Posted on | June 16, 2010 | 14 Comments
We’re half way through National Refugee Week here in the UK and as my small contribution to it Fantastic Fiction for Kids is this week all about refugees. It is also, necessarily, about humanity, compassion, despair, empathy and hope.
Unhei has left Korea and is just starting at her new school in the US. Children on the school bus tease her about her strange sounding name and so when she is asked to introduce herself to her classmates she decides she needs to choose an American name. Her new classmates are welcoming and supportive. They enjoy making suggestions of new names for Unhei, but in the end she feels accepted enough to stick with her Korean name.
Whilst this warmly illustrated picture book alludes to the less welcoming experiences of a newcomer, it is ultimately all about kindness, generosity of spirit and left met me (albeit with a tear in my eye) feeling hopeful about humankind’s capacity to be thoughtful and open-hearted.
Where The Name Jar left me feeling optimistic, The Island left me in despair. Where Unhei’s arrival brings riches and welcome opportunities for learning to her classmates, the community on the eponymous Island of this book treat the man on the beach “where fate and ocean currents had washed his raft ashore” with a great deal of hostility, fear and suspicion. Although one or two lone voices wish to offer a welcoming hand, ultimately the community not only force the man to leave the island, they turn their home into a fortress, deliberately isolating themselves from the world outside. The bleak, gloomy, but pitch-perfect illustrations are as haunting and unsettling as the text.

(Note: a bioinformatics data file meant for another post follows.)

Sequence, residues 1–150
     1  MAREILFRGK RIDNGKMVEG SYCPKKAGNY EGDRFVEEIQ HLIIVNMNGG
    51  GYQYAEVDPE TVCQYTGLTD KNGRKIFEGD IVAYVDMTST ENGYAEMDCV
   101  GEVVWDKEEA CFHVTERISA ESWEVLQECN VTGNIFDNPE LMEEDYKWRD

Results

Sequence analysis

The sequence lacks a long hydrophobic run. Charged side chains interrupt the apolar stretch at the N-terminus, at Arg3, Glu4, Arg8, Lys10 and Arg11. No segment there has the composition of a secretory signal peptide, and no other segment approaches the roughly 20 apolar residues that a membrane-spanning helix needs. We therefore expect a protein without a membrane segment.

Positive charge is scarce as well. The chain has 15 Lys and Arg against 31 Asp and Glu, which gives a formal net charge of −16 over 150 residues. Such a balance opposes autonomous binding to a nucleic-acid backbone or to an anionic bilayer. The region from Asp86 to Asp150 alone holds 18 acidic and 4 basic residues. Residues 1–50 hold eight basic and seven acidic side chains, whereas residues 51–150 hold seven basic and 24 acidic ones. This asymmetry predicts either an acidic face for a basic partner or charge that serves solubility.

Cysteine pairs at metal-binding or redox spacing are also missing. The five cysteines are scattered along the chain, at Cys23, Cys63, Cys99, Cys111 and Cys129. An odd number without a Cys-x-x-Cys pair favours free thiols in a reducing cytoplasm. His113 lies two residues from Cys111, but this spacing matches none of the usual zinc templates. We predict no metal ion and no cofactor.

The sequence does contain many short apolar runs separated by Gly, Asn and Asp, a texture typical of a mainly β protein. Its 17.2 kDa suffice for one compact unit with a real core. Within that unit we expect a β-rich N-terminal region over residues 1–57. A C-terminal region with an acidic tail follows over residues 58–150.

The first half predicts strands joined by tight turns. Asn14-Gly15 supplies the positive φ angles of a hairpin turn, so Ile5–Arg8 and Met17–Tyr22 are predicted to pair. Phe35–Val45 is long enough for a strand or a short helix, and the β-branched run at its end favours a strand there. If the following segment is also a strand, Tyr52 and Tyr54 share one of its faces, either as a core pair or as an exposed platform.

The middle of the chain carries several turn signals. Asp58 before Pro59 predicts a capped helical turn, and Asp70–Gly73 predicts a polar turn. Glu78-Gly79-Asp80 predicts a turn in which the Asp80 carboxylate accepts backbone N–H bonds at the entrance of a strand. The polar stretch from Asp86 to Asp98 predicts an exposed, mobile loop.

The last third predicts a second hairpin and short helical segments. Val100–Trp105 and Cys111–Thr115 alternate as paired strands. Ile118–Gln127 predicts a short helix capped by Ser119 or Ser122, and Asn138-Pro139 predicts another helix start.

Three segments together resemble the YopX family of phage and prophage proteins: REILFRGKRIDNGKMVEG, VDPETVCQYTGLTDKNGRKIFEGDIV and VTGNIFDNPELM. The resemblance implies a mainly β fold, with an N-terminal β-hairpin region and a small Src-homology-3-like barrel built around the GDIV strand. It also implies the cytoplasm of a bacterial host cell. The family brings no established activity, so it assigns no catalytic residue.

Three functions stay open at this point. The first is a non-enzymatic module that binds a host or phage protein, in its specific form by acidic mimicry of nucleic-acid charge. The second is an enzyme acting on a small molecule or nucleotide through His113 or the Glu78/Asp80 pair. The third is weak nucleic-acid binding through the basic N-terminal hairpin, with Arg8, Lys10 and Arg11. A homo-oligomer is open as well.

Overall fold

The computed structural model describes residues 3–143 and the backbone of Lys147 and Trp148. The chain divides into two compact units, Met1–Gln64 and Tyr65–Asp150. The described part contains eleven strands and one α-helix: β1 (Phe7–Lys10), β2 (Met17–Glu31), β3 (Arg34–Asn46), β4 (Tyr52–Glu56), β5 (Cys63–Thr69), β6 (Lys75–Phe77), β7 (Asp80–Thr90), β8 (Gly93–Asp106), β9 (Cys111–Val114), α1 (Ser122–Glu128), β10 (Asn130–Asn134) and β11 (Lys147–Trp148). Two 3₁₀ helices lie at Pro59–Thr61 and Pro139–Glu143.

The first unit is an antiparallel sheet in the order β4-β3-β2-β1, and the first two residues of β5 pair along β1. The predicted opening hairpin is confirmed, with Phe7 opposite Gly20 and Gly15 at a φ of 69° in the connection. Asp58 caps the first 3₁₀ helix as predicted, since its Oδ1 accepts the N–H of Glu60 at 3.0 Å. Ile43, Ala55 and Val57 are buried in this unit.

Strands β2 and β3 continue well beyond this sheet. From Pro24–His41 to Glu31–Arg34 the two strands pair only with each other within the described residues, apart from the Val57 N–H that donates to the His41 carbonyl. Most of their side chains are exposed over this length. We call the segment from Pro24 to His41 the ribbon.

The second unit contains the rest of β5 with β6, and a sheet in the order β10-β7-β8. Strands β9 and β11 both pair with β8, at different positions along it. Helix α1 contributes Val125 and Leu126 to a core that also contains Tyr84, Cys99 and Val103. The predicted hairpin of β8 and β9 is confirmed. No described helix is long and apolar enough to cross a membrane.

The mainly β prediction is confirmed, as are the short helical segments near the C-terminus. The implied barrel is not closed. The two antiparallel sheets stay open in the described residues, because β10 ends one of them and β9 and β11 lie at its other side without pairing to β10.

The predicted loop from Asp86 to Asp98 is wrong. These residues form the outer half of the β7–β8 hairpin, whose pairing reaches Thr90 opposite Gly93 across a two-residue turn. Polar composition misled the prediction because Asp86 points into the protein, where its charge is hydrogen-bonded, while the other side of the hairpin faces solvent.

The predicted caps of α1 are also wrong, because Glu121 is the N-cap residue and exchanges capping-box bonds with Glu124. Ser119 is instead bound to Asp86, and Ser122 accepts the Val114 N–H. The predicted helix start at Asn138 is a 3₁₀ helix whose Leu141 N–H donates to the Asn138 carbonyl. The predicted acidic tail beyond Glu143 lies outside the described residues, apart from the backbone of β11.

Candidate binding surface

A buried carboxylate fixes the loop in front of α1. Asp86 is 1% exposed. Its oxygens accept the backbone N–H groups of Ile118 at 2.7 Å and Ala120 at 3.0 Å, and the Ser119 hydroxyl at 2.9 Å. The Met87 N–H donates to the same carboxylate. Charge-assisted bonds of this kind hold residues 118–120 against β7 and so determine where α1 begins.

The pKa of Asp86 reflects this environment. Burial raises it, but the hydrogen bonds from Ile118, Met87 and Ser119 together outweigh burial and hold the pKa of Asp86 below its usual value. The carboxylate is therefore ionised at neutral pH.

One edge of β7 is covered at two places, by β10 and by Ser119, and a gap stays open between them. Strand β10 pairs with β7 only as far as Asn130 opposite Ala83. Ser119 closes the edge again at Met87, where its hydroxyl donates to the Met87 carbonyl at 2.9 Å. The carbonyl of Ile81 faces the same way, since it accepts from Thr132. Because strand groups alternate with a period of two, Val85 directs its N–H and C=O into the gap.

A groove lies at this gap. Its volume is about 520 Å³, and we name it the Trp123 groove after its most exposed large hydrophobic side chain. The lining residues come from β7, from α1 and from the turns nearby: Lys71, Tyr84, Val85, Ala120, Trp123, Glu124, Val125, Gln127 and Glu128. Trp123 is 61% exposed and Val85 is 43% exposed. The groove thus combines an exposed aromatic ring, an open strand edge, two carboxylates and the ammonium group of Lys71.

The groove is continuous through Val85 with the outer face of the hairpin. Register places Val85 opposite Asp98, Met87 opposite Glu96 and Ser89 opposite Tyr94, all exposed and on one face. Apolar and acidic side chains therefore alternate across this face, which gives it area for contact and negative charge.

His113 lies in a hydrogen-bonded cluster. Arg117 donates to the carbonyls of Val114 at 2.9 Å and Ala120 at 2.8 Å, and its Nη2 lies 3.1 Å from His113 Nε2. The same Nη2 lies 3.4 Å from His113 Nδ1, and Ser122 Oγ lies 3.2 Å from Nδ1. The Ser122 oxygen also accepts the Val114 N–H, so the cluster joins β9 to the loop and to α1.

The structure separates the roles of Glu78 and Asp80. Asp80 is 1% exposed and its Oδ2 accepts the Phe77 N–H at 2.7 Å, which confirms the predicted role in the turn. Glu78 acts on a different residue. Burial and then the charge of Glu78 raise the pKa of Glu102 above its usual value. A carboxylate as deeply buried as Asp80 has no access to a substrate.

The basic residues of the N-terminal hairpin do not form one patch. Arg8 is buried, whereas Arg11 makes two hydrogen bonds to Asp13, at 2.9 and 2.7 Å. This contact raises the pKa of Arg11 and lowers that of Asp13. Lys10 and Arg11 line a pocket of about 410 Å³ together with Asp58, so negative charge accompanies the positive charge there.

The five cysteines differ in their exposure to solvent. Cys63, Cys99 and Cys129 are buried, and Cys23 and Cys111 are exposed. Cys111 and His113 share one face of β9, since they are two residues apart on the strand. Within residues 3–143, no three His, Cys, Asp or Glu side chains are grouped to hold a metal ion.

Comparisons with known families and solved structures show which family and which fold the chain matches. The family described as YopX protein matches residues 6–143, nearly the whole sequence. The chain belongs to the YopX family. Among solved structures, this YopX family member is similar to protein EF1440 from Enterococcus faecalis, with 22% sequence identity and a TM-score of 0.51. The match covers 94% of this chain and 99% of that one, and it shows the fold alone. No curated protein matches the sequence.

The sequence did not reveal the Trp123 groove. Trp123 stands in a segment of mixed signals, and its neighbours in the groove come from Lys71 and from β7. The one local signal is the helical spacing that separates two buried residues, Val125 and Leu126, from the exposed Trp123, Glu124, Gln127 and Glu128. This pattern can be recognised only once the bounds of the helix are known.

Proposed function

After the grey desolation of The Island the vibrancy and optimism of The Colour of Home was uplifting. It is Hassan’s first day at a new school, having arrive from Somalia, and he feels very far from home. Everything is different, from the routine to the weather, from the food for lunch to the language. He and his classmates settle down to paint and first Hassan creates a happy and colourful picture of his family and home back in Somalia. But as Hassan continues to paint the reason for his family’s flight from Africa becomes clear. The following day Hassan’s class teacher arranges for an interpreter to help her and listen to Hassan tell his painting’s story using his own words. This act of acknowledgement is the first step towards Hassan feeling able to use the word “home” for where he now lives.
At the same time as depicting the cruelty people are capable of, this book is full of kindness and hope. The rich colours of the beautiful illustrations will capture the attention of any reader.
This wonderful book full of muted colours as if faded by the sun tells of the friendship that springs up between two Afghani girls living in a refugee camp in Pakistan. Following the distribution of used clothing by relief workers Lina and Feroza each come away with one sandal from a matching pair. Shoes are highly prized – neither girls has had shoes for a long time, old shoes having been worn out on the long trek to the refugee camp – but the girls decide it is better to share. Thus the pair of shoes is worn by one girl on one day and by the other on the next. Yet, when the girls are separated, Lina and her family having got their papers to leave the refugee camp for America, the girls decide to take one shoe each as they would rather remember their friendship than be entirely practical.
As always, some music to go with today’s picture books:
As to activities to accompany these essential books, you could
Books about refugees